Immigration Law

Supreme Court (6-2) on Ineffective Assistance of Counsel: Jae Lee v. U.S.

Jae Lee v. U.S., June 23, 2017 - "Petitioner Jae Lee was indicted on one count of possessing ecstasy with intent to distribute. Although he has lived in this country for most of his life, Lee is not a United States citizen, and he feared that a criminal conviction might affect his status as a lawful permanent resident. His attorney assured him there was nothing to worry about — the Government would not deport him if he pleaded guilty. So Lee, who had no real defense to the charge, opted to accept a plea that carried a lesser prison sentence than he would have faced at trial.

Lee’s attorney was wrong: The conviction meant that Lee was subject to mandatory deportation from this country. Lee seeks to vacate his conviction on the ground that, in accepting the plea, he received ineffective assistance of counsel in violation of the Sixth Amendment. Everyone agrees that Lee received objectively unreasonable representation. The question presented is whether he can show he was prejudiced as a result. ...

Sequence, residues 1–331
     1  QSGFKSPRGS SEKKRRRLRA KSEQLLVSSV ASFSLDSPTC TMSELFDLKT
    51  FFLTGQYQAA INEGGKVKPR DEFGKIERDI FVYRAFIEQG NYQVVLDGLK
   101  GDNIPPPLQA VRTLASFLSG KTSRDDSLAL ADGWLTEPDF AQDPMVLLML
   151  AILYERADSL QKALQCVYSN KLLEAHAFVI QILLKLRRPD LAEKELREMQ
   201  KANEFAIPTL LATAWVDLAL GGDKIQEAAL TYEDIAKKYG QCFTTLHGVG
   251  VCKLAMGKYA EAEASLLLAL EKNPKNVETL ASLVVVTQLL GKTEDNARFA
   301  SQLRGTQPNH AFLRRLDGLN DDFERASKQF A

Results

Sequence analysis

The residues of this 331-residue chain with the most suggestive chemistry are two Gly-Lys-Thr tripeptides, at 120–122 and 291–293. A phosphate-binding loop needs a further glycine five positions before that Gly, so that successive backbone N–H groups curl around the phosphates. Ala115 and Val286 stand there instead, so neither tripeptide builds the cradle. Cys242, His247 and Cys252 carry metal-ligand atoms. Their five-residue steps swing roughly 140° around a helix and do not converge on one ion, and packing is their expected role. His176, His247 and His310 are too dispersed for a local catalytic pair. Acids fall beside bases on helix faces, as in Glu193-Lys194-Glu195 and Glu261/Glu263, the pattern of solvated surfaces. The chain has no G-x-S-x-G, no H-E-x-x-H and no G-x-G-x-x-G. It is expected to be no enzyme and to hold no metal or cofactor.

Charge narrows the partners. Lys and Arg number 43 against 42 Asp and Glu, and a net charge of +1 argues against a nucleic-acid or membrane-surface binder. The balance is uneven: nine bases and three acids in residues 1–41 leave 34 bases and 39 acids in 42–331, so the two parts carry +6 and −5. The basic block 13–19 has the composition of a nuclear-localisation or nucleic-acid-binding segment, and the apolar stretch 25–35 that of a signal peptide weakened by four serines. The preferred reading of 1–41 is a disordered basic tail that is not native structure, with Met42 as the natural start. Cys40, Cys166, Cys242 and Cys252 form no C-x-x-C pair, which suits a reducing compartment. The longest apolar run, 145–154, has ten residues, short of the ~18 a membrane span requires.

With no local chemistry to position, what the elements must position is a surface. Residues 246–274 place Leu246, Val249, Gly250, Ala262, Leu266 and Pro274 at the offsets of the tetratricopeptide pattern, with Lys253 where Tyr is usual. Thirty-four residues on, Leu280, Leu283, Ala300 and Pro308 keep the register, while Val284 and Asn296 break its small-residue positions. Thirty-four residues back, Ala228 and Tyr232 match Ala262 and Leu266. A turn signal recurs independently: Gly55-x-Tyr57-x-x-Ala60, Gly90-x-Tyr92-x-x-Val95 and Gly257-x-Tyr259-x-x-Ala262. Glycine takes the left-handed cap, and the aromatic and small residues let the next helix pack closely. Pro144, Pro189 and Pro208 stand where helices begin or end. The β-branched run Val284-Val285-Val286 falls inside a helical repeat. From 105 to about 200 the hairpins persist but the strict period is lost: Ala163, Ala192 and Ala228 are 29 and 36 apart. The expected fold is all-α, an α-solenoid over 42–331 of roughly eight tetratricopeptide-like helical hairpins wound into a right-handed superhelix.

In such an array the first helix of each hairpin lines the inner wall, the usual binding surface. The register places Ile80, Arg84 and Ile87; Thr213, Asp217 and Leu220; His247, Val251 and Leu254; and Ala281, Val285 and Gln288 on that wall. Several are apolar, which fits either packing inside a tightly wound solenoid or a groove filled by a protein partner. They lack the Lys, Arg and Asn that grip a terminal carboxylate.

The Government concedes that Lee’s plea-stage counsel provided inadequate representation when he assured Lee that he would not be deported if he pleaded guilty. Brief for United States 15. The question is whether Lee can show he was prejudiced by that erroneous
advice. ... 

In the unusual circumstances of this case, we conclude that Lee has adequately demonstrated a reasonable probability that he would have rejected the plea had he known that it would lead to mandatory deportation. ... 

Lee’s claim that he would not have accepted a plea had he known it would lead to deportation is backed by substantial and uncontroverted evidence. Accordingly we conclude Lee has demonstrated a “reasonable probability that, but for [his] counsel’s errors, he would not have pleaded guilty and would have insisted on going to trial.” Hill, 474 U. S., at 59.

The judgment of the United States Court of Appeals for the Sixth Circuit is reversed, and the case is remanded for further proceedings consistent with this opinion."

[Hats off to John J. Bursch of Bursch Law PLLC, Patrick McNally of Weatherly McNally & Dixon PLC and Matthew T. Nelson of Warner Norcross & Judd LLP!]